[Spoilers Extended] Army size and agriculture – a rebuttal of Game of Thrones’s 40 million population estimate

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I originally posted this on the westeros.org forums, but I’ll post it here as well for better visibility:

This post has been a long time coming. I’m finally going to buckle down and write it.

Seven months ago made a post on r/asoiaf in which I proposed a different way of calculating the population of Westeros, based on the number of existing settlements and their average population in medieval times.

I arrived at a high estimate of 14 million inhabitants, a number I was very happy with, since the 40 million based on the 1% army size rule always felt too large to me (I have a background in geopolitics and I feel ruling over 40 million would require a more complex political system than the one depicted in the series), and also unreliable, since basing your estimate on such a small percentage can cause wild variation in your result.

Unfortunately, I wasn’t able to convince Elio at that time, even though the nameless market towns he pointed out I had ommitted (based on oane of Arya’s chapters in AcoK) wouldn’t have made much of a difference (an extra 4 million people overall, and this is ignoring the fact that I was very generous with my estimates everywhere else).

Now, I am able to provide you with solid textual proof that Westerosi armies represent more than 1% of the population, and hopefully I will be able to explain why a lower population density makes perfect sense for the World of Ice and Fire.

1. Army size and population

While the main series never gives us much insight into the recruitment process the lords of Westeros employ, we do get to see this in the second Dunk & Egg novella, The Sword Sword.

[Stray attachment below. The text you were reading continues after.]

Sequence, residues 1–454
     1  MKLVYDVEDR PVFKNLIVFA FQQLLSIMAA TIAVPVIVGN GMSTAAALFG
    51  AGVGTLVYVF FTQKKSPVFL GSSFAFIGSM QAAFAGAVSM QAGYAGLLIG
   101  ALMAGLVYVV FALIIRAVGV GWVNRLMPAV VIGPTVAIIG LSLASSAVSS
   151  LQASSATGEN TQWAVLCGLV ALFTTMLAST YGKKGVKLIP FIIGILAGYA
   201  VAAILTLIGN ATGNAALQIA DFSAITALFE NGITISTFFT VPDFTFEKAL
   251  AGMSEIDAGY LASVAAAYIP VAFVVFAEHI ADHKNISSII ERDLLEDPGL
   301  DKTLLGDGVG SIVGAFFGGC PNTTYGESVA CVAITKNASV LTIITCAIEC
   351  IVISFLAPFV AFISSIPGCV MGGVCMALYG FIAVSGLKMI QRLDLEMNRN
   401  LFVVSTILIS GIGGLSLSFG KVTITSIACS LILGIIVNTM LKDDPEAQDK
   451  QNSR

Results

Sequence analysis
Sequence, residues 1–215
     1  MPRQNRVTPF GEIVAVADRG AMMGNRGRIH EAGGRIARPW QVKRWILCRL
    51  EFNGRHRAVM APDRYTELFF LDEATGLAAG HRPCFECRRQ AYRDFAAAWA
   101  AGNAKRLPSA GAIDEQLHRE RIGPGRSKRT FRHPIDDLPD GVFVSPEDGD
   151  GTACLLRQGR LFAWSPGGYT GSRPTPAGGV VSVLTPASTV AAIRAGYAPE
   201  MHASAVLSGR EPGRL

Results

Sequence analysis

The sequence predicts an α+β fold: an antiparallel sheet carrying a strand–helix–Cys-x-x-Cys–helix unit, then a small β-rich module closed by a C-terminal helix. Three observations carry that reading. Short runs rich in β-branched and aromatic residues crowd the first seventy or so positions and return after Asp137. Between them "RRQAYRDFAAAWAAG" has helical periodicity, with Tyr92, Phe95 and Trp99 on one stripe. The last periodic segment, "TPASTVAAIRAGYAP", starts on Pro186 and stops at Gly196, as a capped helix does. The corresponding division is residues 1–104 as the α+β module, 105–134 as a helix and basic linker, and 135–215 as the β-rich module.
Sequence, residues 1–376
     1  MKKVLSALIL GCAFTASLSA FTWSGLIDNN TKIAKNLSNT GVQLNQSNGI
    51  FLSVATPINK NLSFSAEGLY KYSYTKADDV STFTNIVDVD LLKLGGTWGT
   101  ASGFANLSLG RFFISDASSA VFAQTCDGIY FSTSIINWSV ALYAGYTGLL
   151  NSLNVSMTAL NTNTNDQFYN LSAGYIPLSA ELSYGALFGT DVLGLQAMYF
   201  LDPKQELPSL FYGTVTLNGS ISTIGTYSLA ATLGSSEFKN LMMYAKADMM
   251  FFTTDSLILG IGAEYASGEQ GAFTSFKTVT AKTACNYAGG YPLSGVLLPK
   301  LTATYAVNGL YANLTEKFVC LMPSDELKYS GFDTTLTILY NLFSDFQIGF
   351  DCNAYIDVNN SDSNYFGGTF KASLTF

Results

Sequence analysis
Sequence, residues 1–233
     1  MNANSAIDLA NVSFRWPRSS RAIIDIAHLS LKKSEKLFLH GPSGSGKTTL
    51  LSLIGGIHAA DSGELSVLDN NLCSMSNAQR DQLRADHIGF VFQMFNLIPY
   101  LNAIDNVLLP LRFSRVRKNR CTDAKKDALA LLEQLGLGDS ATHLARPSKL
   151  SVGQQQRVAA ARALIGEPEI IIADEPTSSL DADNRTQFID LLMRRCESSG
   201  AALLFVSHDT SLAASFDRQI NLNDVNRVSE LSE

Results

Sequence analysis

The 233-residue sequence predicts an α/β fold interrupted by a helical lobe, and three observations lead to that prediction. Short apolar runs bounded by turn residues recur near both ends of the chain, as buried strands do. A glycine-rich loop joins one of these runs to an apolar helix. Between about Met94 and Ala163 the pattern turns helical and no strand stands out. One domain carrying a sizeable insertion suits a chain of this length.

Ser Eustace Osgrey, a disgraced knight, requires Dunk to levy no less than “every able-bodied man of fighting age”. This would normally mean roghly 33% of all men, or 16.5% of the population… This is a tall order, of course, and I doesn’t quite get filled, but it is important to note that this was the initial goal, and nobody found it unusual. This woman in particular takes it very naturaly:

“Is it war?” asked one thin woman, with two children hiding behind her skirts and a babe sucking at her breast. “Is the black dragon come again?”

Now, how many people does Ser Eustace have? Let’s take a look:

Ser Eustace’s lands supported three small villages, none more than a handful of hovels, sheepfolds, and pigs. The largest boasted a thatched one-room sept with crude pictures of the Seven scratched upon the walls in charcoal.

“No more than a handful of hovels” I take to mean 5 or less (my own grandfather on my mother’s side was born in a “village” with 3 houses in northern Romania, so I wouldn’t find such a number unusual), so less than 15 families in total.

According to Google, the average medieval family had 6 members, though if we want to pump it up a little we can go to 10. That’s somewhere between 90 and 150 people under Ser Eustace’s care. This lines up with the real world estimates; a knight was usually supported by an average of 300 villagers. Since Eustace’s family had lost some lands both before and after the rebellion, and men during the fighting no doubt, it makes sense that he would be way below average.

Of these 90 to 150, 12 recruits show up, of which Dunk keeps 8. Note how we have extra recruits to balance out the draft dodgers (if there were any at all – the numbers could be small simply because Eustace had previously lost another round of fighting men in the rebellion). With Dunk himself, the count goes up to 9 (I’m not counting Bennis because he did run away in the end).

So, what is the army size relative to the population for Ser Eustace Osgrey, disgraced knight who has little to offer and little to threaten his subjects with? 6-10%! 3% at the lowest, if we ignore the hovel count and go straight with the real world average, but even so it is a far cry from the 1% used to reach the 40 million.

With the 3%, we get to a number very close to my own initial estimate, 13,400,000, both methods allowing for that number to go even lower.